The handsome chief of the Canadian Cherokee had it all: good looks, a great story, and lots of money. Oh, and one other thing: his story was a complete fabrication.
"Chief White Elk" was really Edgar Laplante, a grifter and vaudeville performer who upped his game by pretending to be someone and something he wasn't. And people in the celebrity-obsessed culture of the 1910s and 20s bought it.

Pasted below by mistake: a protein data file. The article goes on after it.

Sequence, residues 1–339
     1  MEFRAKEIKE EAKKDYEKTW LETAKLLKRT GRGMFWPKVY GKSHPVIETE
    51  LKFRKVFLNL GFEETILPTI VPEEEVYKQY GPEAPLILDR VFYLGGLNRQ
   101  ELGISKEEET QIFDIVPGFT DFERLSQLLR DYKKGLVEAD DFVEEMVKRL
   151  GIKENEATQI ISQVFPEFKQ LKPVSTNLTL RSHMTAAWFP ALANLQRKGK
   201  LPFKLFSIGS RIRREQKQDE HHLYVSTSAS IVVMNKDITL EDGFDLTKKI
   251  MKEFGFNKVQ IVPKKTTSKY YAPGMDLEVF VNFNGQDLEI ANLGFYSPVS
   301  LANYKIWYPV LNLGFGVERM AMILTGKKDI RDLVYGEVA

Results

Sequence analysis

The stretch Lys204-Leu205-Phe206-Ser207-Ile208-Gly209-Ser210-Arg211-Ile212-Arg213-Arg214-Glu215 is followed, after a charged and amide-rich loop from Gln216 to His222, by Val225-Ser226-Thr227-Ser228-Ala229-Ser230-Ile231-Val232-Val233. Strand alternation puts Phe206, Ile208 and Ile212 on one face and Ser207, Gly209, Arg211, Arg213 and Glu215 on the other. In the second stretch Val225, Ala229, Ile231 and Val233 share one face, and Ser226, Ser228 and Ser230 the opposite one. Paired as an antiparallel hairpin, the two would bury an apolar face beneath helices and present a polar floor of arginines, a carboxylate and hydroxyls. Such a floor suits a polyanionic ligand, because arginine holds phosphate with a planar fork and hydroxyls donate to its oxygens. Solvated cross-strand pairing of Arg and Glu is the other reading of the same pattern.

The building and busting of Laplante's myth is told in the book King Con: The Bizarre Adventures of the Jazz Age's Greatest Imposter.
Author Paul Willetts pieced the story together; he is our guest, by phone from the UK.